In response to high market demand and prices for ginger, farmers in Chatmohar, Pabna, have started cultivating ginger in bags. This innovative method, inspired by online tutorials, allows for efficient use of space and resources, with the potential for significant income. The local agriculture office reports that ten thousand bags of ginger have been cultivated this season, showing promising results.
Pabna, July 4 (V7N)- Ginger is widely used as a spice and herbal medicine across the country, and its current market price is quite high. To meet family needs and earn some extra income, some farmers in Chatmohar, Pabna, have started cultivating ginger in bags.
According to the Chatmohar Agriculture Office, this season, ginger has been cultivated in ten thousand bags in various unions, including Mathurapur, Dibigram, Chaikola, and Parshadanga in the Chatmohar Upazila.
Atikur Rahman, a farmer from Chaikola village in Chatmohar, told Voice7 News that he is cultivating ginger in bags for the first time. Inspired by a YouTube video, he began the process. He prepared 300 bags of soil by mixing soil with cow dung, mustard cake, ash, vermicompost, zinc, and boron. He procured 22 kg of Thai ginger seeds from Dinajpur at Tk 350 per kg. Each bag was filled with 20 to 25 kg of soil and placed in the small yard on both sides of his house.
He mentioned that he planted the ginger rhizomes in early April. Within a few days, the ginger plants sprouted and grew quickly. By utilizing about one and a half percent of the unused yard space, he dreams of earning a substantial income. Passersby are amazed by the rows of green ginger plants in bags on the west side of the Chatmohar-Kachikata road.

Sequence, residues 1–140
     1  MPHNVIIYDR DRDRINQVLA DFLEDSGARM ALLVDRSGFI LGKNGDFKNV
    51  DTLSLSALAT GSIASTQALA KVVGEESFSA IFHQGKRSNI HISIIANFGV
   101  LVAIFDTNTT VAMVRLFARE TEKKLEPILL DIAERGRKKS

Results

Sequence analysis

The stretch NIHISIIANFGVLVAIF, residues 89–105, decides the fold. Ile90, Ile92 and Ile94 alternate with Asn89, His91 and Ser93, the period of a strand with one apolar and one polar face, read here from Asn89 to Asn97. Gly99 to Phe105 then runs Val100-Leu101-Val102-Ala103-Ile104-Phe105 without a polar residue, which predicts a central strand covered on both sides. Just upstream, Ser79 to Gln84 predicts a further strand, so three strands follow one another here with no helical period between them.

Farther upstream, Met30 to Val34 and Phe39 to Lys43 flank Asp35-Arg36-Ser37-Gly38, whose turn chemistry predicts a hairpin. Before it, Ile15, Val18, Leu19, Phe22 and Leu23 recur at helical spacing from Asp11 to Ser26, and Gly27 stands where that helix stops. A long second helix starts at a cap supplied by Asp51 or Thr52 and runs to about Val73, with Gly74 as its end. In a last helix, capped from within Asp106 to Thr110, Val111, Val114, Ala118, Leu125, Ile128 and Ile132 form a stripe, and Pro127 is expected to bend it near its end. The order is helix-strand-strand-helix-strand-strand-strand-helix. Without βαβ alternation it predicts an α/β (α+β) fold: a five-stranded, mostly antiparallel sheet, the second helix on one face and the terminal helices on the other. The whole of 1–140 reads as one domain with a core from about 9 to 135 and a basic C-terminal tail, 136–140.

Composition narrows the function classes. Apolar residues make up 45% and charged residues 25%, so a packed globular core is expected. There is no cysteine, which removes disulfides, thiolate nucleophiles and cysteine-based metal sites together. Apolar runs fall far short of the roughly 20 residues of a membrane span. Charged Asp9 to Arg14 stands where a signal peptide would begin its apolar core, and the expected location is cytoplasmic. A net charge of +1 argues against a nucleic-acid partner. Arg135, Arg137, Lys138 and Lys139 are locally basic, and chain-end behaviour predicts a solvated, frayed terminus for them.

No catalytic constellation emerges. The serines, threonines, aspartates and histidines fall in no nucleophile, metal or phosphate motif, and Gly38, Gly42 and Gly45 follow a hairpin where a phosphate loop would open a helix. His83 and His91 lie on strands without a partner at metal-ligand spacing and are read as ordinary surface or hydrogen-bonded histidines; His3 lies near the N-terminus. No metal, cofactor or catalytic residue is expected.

Atikur further explained that he works in mobile servicing at Kachikata market. Apart from his house, his family owns only three bighas of lowland, unsuitable for ginger cultivation. Hence, he is cultivating ginger in his yard and personally takes care of the plants in his spare time. 
Ginger can be harvested eight months after planting. He expects to get about 300 kg of ginger from the bags, which could fetch around Tk 80,000 to 85,000 in the current market. With a bit of good yield, he might even earn a lakh taka. So far, he has spent only Tk 16,000. However, he noted that yields could be affected if the plants suffer from rhizome rot.
People of various ages from the area are coming to see the ginger cultivation in bags. They are seeking advice and learning about the cultivation method. Some are becoming interested in adopting this method. Alongside Thai ginger, Atikur is also experimenting with Burmese and local varieties in a few bags. If successful, he plans to expand ginger cultivation in the future.
Among the farmers cultivating ginger in bags, Mohir Uddin and Jane Alam said that bag cultivation does not require separate land. Since the bags can be moved, the crops are protected from heavy rains or floods. The risk of soil-borne diseases is also reduced. By utilizing unused and shaded areas around the house, additional income can be earned.
Chatmohar Upazila Agriculture Officer A. A. Masum Billah told Voice7 News that April-May is the ideal time for planting ginger rhizomes. Ginger generally grows well in hilly areas. Cultivating ginger in bags does not waste separate land, and the soil in the bags is easier to control. Ginger is very valuable, and we are encouraging farmers to cultivate it, providing technical support and necessary advice. 
We are also assisting in procuring good quality seeds from various places. Cultivating ginger in bags can meet family needs and provide farmers with additional income.